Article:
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Be sure to scroll all the way to the bottom to see this week’s Question of the Week and check back on Thursday for the answer!
Rob Last reports, “Starting with strawberries, spider mites are increasing in the area with eggs and adults warranting treatment. Strawberry crops are very susceptible to mite damage at the moment. Remember to sanitize plants to remove dead flowers and fruit to mitigate against disease. We have lost some brassica crops due to the freeze, if the growing point is intact the crops may recover with reduced yields possible. There will be a peach crop. Early varieties have been hit quite hard in the area with later varieties looking promising. Blueberries will make a crop, but again, there are varying levels of damage.”
Justin Ballew reports, “We have a better idea now of how the cold last weekend affected things. On strawberries, we did end up seeing some damage to open blooms that were in contact with the row covers. In areas where the temperature got down to around 24, an estimated 20-30% of the blooms that were open at the time have been killed. In areas where it reached 22 degrees or less, we’ve seen much higher (as much as 70% in one field). It appears that most developing fruit was not damaged and will still be harvestable. At this point, it is really important to tissue sample regularly and make sure the plants have everything they need. Hopefully, the weather won’t get hot too fast this spring so we can have a nice long harvest. In brassicas, injury to the older leaves became more apparent as damaged tissue dried out. It still doesn’t look like any growing points were killed, but losing the older leaves will slow the plants down and set back harvest a few weeks. Some overwintered fields probably will not recover enough to harvest before the plants bolt.”
Phillip Carnley reports, “Thanks to the cold last weekend strawberries are experiencing an uptick in spider mite populations from remaining covered. Make sure to scout accordingly and choose your treatment carefully. I have also noticed an increase in phytophthora. Strawberries in Orangeburg and Calhoun are looking great and picking has started. The peaches were hit hard with most of the early varieties taking the brunt of the damage. On later varieties, the damage has yet to be seen. If growers were able to ice down blueberries, the crop was salvaged but anything left unprotected was lost.”
Sarah Scott reports, “After, what seemed like a devastating freeze event, it seems we have come out better than expected. From early assessments in the peach orchards, it looks like we have lost a good many May peaches and some of the early June peaches. Most mid to late varieties are looking good as of now. It takes some time for cold damage to show up, and even though the blooms survived, it doesn’t mean that we are in the clear. We will continue to monitor trees as fruitlets develop to check for quality. Many times a bloom will survive and continue to produce fruit but the quality is poor. Overall, there is definitely damage and loss but we still could have a good peach crop this year. Hopefully, we won’t have any other freeze events! Strawberries were another crop that we have been monitoring closely after the cold. Some damage occurred, however, growers were able to cover and/or ice their plants to save most of the crop. It seems we are on track to begin regular harvest in April. The extended wet periods have led to some botrytis showing up, so we are monitoring that as well.”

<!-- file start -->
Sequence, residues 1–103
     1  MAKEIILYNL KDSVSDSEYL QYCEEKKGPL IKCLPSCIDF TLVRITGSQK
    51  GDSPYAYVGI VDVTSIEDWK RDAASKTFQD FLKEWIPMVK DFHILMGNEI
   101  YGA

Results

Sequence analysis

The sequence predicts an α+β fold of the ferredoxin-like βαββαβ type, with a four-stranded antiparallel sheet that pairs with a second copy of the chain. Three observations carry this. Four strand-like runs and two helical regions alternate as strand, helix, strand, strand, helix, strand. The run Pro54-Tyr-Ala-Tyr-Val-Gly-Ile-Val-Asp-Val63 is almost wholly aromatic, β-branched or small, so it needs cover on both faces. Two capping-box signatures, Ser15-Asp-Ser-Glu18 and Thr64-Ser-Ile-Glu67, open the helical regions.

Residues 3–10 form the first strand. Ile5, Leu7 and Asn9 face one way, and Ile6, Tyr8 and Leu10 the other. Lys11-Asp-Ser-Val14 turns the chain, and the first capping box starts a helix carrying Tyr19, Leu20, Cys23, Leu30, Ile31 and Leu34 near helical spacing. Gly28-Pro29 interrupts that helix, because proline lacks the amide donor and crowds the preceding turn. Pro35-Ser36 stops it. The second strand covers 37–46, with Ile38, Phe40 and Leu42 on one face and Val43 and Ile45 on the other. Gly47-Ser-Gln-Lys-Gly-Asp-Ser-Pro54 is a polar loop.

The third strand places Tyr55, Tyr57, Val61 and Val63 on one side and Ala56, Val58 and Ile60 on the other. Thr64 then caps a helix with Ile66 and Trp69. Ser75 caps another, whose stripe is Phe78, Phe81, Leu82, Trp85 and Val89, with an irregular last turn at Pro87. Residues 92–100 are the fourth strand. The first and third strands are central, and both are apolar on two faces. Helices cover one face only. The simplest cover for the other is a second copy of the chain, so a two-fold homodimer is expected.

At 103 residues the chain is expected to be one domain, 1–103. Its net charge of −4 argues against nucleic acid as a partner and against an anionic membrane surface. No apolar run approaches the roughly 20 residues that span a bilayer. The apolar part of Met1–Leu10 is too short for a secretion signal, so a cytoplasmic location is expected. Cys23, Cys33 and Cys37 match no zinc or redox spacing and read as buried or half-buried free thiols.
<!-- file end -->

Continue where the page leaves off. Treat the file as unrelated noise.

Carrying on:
Bruce McLean reports, “Cold damage has been the primary topic over the last week. Blueberries (both highbush and rabbiteyes) took a significant hit from the cold event that occurred a little over a week ago. It looks like most everything that was very late pink stage through open flower and fruiting, got nailed. Everything from early pink stage to less mature flower buds managed to escape injury. Some early cultivars like Star, O’Neal, Jewel (Southern highbush) sustained 70+% damage. Even Climax (rabbiteye) sustained 50% damage. Significant damage occurred on blueberry farms regardless of whether they frost protected or not. Hopefully, all of that damaged fruit/flowers will shed off of the plants. Damaged fruit that remains on the plant is subject to botrytis and can be a point of infection for a more serious pathogen, botryosphaeria. Also, damaged fruit that remains on the plant and sizes up can be “corky” on the interior of the fruit, causing fruit quality issues. Strawberries, on the other hand, did fare somewhat better. Foliage, flowers, and fruit that were touching the floating row covers during the freezing temps, did sustain damage. Fruit and flowers that had some space between it and the cover, pulled through very well. Small plants were more subject to injury. Early harvest yields will be impacted. Be sure to go through your fields and remove damaged flowers and fruit, to reduce the likelihood of botrytis development. Be sure to scout frequently from here on out. And if botrytis does try to develop, use a fungicide targeted for botrytis.”
Question of the Week
For this week’s question, take a look at the photo below. What is this odd-looking critter on this strawberry leaf?
Answer in the comments below and check back on Thursday to see the answer.
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